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Open Access Debate

Exclusive and adjuvant radiotherapy in breast cancer patients with synchronous metastases

Romuald Le Scodan1*, David Ali1 and Denise Stevens2

Author Affiliations

1 Department of Radiation Oncology, Institut Curie Hôpital René Huguenin, Saint Cloud, France

2 Medical Statistics, Institut Curie Hôpital René Huguenin, Saint Cloud, France

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BMC Cancer 2010, 10:630  doi:10.1186/1471-2407-10-630

Published: 17 November 2010

Abstract

Background

Data from the Surveillance, Epidemiology, and End Results program and the European Concerted Action on survival and Care of Cancer Patients (EUROCARE) project indicate that about 6% of women newly diagnosed with breast cancer have stage IV disease, representing about 12 600 new cases per year in the United States in 2005. Historically, local therapy of the primary tumor in this setting has been aimed solely at symptom palliation. However, several studies suggest that surgical excision of the primary tumor can prolong these patients' survival.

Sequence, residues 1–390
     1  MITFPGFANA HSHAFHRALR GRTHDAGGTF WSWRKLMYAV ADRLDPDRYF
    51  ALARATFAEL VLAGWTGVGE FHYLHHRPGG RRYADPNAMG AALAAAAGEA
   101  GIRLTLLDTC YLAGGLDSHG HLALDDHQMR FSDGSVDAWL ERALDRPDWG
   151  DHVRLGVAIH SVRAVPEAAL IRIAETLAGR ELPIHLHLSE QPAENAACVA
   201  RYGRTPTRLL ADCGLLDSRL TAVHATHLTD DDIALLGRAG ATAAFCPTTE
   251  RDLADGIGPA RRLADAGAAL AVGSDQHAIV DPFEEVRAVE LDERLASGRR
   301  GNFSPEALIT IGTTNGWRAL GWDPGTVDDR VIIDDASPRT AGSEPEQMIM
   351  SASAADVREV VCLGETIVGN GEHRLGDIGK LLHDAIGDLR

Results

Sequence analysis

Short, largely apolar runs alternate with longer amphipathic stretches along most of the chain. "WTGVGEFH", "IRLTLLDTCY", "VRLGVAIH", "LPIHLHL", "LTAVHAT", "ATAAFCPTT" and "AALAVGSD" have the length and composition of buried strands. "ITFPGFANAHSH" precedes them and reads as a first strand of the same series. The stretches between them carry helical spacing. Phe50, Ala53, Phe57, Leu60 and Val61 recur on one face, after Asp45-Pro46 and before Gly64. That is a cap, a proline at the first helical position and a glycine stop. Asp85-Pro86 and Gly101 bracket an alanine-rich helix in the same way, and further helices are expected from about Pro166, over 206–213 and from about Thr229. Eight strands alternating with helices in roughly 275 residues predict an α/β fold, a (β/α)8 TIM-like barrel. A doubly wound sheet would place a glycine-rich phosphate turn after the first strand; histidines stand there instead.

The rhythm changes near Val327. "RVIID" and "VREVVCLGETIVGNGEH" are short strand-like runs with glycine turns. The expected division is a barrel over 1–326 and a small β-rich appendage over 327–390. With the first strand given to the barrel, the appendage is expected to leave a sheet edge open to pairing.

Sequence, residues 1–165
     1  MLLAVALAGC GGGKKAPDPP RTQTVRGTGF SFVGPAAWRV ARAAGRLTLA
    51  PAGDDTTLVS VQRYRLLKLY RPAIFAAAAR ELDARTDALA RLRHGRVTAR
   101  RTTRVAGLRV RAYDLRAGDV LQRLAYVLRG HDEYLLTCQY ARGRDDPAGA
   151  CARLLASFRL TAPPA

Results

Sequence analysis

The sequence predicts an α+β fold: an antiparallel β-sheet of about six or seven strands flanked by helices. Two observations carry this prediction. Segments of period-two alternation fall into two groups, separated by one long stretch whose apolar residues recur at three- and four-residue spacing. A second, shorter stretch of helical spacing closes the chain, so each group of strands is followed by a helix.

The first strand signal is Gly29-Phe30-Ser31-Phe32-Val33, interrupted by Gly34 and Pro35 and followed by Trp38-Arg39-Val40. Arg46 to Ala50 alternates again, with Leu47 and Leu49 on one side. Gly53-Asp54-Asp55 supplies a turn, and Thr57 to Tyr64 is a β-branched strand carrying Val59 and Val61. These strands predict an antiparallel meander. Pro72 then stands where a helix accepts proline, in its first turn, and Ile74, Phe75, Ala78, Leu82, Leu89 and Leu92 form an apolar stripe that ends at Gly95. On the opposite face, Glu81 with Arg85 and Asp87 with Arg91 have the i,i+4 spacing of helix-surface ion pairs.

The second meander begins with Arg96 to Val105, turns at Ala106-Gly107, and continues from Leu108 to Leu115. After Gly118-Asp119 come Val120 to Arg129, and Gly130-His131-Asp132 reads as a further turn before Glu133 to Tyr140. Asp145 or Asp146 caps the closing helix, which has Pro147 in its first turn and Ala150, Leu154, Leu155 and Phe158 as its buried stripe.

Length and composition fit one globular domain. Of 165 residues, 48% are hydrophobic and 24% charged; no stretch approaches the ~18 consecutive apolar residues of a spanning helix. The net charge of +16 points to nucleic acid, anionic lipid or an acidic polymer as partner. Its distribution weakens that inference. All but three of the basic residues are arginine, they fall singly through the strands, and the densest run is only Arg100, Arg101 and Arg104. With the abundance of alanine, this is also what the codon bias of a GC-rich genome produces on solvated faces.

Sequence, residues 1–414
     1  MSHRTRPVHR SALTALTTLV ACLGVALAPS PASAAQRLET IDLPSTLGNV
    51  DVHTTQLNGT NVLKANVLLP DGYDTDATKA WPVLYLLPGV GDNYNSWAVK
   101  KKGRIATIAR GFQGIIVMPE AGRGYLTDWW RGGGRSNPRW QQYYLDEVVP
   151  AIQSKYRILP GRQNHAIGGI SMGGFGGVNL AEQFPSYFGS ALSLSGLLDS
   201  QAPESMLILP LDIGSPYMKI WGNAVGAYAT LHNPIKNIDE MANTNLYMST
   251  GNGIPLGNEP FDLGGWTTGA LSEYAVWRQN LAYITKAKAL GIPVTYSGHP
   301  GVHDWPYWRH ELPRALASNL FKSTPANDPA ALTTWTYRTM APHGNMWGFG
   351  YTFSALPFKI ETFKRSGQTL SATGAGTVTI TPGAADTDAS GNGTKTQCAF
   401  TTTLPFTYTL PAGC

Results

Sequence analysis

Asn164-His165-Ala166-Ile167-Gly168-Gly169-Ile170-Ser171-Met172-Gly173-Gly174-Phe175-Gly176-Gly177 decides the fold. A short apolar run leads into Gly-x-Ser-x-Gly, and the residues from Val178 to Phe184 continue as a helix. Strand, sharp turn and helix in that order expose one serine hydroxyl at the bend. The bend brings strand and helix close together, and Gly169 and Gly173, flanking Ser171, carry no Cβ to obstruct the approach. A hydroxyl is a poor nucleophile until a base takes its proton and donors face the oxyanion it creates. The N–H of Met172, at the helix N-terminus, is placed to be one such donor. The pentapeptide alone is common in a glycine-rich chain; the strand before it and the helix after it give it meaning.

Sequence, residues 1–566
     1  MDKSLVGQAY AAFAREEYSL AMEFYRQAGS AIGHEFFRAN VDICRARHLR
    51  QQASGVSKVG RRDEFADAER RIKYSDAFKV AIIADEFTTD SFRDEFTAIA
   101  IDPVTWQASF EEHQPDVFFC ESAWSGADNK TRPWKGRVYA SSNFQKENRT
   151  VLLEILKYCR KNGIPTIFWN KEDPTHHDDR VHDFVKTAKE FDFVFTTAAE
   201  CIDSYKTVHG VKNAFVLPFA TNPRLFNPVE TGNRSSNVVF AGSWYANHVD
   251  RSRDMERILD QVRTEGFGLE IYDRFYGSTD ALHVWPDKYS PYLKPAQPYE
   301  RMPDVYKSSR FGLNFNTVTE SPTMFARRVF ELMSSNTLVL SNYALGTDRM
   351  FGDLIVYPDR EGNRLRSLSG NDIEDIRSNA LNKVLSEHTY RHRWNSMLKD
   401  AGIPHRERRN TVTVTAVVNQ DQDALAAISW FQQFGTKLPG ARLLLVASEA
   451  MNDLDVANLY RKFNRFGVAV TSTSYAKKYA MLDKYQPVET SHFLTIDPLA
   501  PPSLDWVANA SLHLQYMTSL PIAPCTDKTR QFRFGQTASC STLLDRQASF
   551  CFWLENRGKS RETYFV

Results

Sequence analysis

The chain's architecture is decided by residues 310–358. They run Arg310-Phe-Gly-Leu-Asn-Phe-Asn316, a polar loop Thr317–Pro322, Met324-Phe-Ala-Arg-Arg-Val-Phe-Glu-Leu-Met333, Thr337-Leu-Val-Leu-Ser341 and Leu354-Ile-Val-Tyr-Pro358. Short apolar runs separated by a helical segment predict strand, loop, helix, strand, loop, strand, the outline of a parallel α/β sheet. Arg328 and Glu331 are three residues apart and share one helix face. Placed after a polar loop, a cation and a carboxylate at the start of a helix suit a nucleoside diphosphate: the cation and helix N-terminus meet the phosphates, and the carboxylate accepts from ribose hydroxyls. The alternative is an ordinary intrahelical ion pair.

Discussion

Exclusive locoregional radiotherapy is an alternative form of locoregional treatment in this setting and may represent an effective alternative to surgery in this setting. Here we discuss current issues regarding exclusive and adjuvant locoregional radiotherapy in breast cancer patients with synchronous metastases.

Summary

Several studies suggest that surgery or exclusive irradiation of the primary tumor is associated with better survival in breast cancer patients with synchronous metastases and that exclusive locoregional radiotherapy may represent an effective alternative to surgery in this setting. Results of well-designed prospective studies are needed to re-evaluate treatment of the primary breast tumor in patients with metastases at diagnosis, and to identify those patients who are most likely to benefit.